The Role of Dubai Courts in DIFC Probate Procedures

The Role of Dubai Courts in DIFC Probate Procedures

Registering a Will in a jurisdiction like the United Arab Emirates [where personal and inheritance law is mainly governed by Sharia] is essential for expatriates to secure their assets and have them passed on to their loved ones after their death.

This could be done through three different registries in the UAE:

I.   Wills Service Center under Dubai International Financial Center [DIFC],
II.  Non-Muslims Will Registry under Abu Dhabi Judicial Department
III. Will Registration under Dubai Notary.

The above-mentioned registries are only for Non-Muslims who do not want to apply Sharia law on their assets. Other the hand, Muslims who prefer to register a will they may opt into the Sharia Compliant Wills.

Post the registration of a Will, the next important step comes after the death of the testator, which is legally termed as Probate. The probate procedures are different under various registries. This Article aims to discuss the Probate procedures of DIFC Wills and support ensured by the Dubai Court to uphold each Will registered under the DIFC Free Zone.


Dubai Law No. 15 of 2017 Concerning the Administration of Non-Muslim Estates in Dubai and Execution of their Wills [issued on 18th October 2017] confirms the jurisdiction of the DIFC Courts to register the Wills and administer probate matters. As per the New law, the “Register of Non-Muslims’ Wills” shall be established in both Dubai Courts and DIFC Courts, stating the form of the registry, its statements, and the registration procedures and regulations shall be determined by a resolution of the President of both Dubai Courts and DIFC Courts. The law applies to all wills and estates of non-Muslims in Dubai, including Dubai International Financial Centre (DIFC).
The law has given both the Dubai Courts and the DIFC Courts equal jurisdiction over disputes concerning the Will depending on the registry within which the Will was registered.


The WPR Rules [Wills and Probate Registry Rules] collectively provide a legislative framework for Wills and Probate matters. It clearly sets out the administrative functions of Wills Service Center and Wills Registry at the DIFC Courts and the power of DIFC Courts in relation to Wills and Probate matters for non-Muslims with registered wills within the DIFC. Part 55 of RDC [Rules of Dubai Financial Center Courts] has laid out rules relating to contentious and non-contentious probate claims.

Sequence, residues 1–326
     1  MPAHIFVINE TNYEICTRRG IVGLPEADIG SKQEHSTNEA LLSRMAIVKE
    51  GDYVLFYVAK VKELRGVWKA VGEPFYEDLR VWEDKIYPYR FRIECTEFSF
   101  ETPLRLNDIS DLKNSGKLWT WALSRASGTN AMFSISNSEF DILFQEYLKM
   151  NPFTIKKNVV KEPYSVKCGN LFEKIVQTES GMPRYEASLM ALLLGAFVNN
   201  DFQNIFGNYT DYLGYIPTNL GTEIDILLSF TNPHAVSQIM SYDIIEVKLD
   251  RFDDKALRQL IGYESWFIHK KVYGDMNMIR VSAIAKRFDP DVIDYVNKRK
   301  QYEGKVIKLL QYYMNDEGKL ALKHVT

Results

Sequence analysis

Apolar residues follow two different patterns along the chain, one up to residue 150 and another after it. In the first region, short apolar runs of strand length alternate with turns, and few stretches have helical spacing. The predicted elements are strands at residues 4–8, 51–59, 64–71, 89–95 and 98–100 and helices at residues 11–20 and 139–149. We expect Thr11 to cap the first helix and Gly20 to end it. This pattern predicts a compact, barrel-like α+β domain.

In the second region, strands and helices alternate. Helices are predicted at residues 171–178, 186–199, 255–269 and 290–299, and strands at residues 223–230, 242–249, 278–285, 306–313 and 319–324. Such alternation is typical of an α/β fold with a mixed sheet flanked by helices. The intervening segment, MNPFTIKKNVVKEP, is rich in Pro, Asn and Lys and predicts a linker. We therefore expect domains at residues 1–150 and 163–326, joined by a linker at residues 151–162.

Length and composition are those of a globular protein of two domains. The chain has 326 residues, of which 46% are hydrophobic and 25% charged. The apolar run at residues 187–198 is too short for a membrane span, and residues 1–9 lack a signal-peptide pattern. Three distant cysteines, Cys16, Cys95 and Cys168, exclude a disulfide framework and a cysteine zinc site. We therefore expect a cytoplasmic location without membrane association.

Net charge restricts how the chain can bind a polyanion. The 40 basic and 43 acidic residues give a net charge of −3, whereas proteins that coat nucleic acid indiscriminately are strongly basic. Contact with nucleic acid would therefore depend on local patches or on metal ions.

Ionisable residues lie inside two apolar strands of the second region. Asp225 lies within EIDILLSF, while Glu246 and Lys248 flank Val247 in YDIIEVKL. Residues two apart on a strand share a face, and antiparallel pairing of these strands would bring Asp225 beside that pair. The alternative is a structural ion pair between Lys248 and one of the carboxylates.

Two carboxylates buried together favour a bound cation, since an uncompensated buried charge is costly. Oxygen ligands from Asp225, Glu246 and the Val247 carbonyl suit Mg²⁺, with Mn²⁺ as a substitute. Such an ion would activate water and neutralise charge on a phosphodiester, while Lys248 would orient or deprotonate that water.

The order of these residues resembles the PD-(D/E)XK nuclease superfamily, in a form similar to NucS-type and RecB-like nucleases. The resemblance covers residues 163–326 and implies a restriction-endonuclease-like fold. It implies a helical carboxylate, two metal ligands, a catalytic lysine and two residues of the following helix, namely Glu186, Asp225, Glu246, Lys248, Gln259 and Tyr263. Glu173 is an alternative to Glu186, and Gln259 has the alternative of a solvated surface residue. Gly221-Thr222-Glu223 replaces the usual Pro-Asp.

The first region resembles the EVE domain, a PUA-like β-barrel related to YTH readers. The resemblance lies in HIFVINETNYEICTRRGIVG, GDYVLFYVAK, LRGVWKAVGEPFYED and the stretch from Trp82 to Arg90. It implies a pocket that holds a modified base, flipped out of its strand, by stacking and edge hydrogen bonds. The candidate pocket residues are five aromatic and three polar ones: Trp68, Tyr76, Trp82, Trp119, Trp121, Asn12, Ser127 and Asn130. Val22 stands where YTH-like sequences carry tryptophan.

DIFC has clearly laid down, the steps and process to obtain the Grant of Probate [probate order] once the testator expires. A broad idea is given below:

a. The executor shall submit the following documents online:

i.  a duly filled Probate Application Form along with the Witness statements.
ii. either the death certificate of the testator or shall sign a Statement of Oath in the absence of original death certificate.
iii. List of assets under deceased’s estate.

b. Once DIFC receives all the above documents a Case Progression Officer [CPO] will be appointed to review the submitted documents who will be the point of contact for the executor of the will till the Probate order is issued.

c. The executor shall then take an appointment of DIFC courts by paying the court fee. During this time the executor may notify the court if any additional assets have been identified.

d. The Registrar of the Will Registry will review the documents and then intimate the date on which a probate order may be issued.

e. On the said date the executor may collect the probate order if the same is applicable only inside the DIFC zone.

If the probate order comprises assets outside the DIFC zone the following additional procedures shall be followed.

a. The executor shall collect a Deputation Letter addressed to the concerned Court of the emirate(s) along with a list of assets which are located outside the DIFC Zone by paying a prescribed Court fee. This is for the conversion of DIFC Probate Order [Grant of Probate] to Dubai Courts Judgement.

b. The above documents shall be submitted before the Dubai Court Execution Department.

c. The Executive Judge who has been appointed by virtue of ‘Protocol of Enforcement between the DIFC Courts and the Dubai Courts, 2009 will then review the documents submitted. Please note that the executor of Will is allowed to directly deal with the Execution Department of the Dubai Courts through the Executive Judge.

The appointment of the Executive Judge is specifically to undertake the task of enforcing the judgements, awards and orders issued.

d. a Distribution Letter may be issued by the Court addressing the relevant authorities directing them to transfer the assets to the beneficiaries named in the Will. A copy of the same will be issued to the executor of the Will as well.

As per Article 7 (1) of Dubai Law No. 16 of 2011, DIFC Courts has jurisdiction to execute any judgement, decision and order rendered by the Dubai Courts, if the subject matter of execution is situated within DIFC. Also, as per Article 7 (2) of the same law, the Dubai Courts has jurisdiction to execute any judgement, decision and order rendered by the DIFC Courts, if the assets are in Dubai.

Apart from the above, there are different Memorandum of Understanding [MoU] signed between various authorities such as the Department of Economic Development, Dubai [DED] and the Dubai Land Department [DLD] to ensure rapid facilitation of probate court orders covering the Dubai assets of those who have registered their wills with WPR.

In conclusion, it is very evident that the law has entrusted a legal obligation on Dubai Courts to uphold the Wills that are registered under the DIFC. The role of the Dubai courts, in support of the DIFC probate procedures, is a promise given by the Government of Dubai to all the Non-Muslim expatriates to boost their confidence to invest and secure their assets for future generations.